I mean what's to say? I'm glad we have jury trials and a kid who had done nothing wrong was gunned down for no good reason.
There's an odd, seemingly not reconcilable, intersection here between rule of law and injustice. On the one hand, rule of law is what separates civility from non-civility; that is, I think one of the best things about the first world is the ideal that the law is above any individual. In that sense, maybe the system "worked". So long as the trial was fair and the jurors followed the law, what can we do?
On the other hand, one of the basic tenets of civil society from the times the first laws were written (and probably before) is that murder is against the law. In my book, killing an unarmed kid for no reason than he looked 'suspicious' (read: 'black') is murder. I don't know how else it can be seen.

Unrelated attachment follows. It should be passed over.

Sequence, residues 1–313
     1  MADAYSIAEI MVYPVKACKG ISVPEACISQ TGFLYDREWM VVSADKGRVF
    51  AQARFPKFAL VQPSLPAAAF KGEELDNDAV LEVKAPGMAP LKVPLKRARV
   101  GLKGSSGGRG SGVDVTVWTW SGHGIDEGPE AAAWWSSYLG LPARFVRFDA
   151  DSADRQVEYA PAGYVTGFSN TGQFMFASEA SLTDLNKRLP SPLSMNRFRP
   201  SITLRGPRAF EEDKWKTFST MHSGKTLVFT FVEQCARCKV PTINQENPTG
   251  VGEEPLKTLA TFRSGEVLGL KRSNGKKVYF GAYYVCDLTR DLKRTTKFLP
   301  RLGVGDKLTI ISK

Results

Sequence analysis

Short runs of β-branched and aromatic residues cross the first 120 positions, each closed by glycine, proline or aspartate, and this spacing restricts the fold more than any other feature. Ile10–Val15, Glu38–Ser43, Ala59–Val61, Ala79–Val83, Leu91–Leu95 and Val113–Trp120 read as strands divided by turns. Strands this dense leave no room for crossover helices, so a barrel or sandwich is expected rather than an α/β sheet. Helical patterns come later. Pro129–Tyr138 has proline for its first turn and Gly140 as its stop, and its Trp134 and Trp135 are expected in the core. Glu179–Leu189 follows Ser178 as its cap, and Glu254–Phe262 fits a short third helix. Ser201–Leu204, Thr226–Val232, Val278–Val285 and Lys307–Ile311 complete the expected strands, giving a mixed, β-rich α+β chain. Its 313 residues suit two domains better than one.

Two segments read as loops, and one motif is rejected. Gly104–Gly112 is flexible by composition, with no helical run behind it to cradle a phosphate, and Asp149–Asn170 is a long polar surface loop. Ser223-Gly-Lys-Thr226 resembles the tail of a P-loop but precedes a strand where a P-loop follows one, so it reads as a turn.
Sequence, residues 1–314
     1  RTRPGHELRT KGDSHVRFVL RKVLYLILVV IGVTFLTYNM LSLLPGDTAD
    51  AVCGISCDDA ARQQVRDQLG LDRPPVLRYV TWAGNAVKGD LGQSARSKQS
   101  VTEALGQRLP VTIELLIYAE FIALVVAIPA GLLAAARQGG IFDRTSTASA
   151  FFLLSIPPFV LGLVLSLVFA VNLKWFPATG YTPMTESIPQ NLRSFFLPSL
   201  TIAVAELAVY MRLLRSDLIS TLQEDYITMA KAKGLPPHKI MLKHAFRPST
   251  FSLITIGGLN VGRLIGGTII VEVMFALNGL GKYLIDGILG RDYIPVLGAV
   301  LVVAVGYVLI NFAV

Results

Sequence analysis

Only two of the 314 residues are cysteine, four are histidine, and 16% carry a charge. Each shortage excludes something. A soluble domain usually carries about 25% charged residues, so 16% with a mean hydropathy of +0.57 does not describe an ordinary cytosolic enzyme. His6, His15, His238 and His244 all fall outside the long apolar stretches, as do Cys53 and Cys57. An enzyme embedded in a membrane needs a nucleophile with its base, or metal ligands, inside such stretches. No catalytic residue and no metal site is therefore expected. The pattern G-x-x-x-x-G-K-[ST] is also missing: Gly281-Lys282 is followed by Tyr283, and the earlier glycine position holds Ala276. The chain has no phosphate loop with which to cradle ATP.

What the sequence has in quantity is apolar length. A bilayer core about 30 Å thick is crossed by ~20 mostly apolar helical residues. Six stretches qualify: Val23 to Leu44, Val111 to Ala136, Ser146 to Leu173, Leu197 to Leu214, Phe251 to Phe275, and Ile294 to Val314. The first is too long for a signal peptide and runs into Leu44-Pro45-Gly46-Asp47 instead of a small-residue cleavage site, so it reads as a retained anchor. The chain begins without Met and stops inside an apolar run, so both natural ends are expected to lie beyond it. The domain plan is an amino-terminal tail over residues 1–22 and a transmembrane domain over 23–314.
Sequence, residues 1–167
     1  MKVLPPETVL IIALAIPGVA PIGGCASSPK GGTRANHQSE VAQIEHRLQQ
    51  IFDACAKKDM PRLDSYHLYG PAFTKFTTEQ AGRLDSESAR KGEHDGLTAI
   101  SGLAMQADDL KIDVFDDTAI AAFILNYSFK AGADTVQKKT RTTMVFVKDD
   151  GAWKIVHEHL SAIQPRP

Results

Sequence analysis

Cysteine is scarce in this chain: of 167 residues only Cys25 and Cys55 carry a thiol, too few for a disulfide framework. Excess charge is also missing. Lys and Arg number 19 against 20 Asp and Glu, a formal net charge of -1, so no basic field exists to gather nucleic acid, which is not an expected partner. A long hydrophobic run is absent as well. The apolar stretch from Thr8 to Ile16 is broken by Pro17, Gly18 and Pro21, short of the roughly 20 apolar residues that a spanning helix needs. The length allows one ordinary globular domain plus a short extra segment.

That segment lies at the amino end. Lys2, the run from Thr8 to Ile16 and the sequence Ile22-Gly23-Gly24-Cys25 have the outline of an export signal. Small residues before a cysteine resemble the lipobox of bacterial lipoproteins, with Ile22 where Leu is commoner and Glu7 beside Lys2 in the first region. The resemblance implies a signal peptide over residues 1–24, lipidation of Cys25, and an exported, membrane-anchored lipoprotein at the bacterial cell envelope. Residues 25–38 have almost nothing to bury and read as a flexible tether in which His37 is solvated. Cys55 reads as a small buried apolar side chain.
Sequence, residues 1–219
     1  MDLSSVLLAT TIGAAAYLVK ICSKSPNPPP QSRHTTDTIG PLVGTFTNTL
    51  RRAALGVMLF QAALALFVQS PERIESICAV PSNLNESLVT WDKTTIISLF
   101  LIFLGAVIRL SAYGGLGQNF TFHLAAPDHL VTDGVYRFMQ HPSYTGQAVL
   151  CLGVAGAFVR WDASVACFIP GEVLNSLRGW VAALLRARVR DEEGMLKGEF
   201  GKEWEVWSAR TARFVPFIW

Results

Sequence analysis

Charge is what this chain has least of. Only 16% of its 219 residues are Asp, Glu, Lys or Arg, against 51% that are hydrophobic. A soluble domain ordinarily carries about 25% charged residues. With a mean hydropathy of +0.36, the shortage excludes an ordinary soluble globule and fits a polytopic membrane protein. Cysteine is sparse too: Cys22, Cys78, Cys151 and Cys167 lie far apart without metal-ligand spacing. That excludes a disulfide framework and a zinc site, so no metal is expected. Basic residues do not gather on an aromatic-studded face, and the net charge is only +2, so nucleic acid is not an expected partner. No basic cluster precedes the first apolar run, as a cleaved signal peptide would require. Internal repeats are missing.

If indeed the law was followed in this case, the natural thing to do is change the law. Obviously, we can't live in a world where it is permissible to kill innocent kids. Who knows what the intent of the law was when it was written, as it was obviously written by backwoods goobers who think that "standing one's ground" is as American as it comes, but this case represents the absurd results that this type of law can produce. I don't want any kid to be murdered senselessly, but it would be interesting to see a similar case in which the pursuer/murderer was black and the victim was not. I'm not sure such a case would have even made national headlines.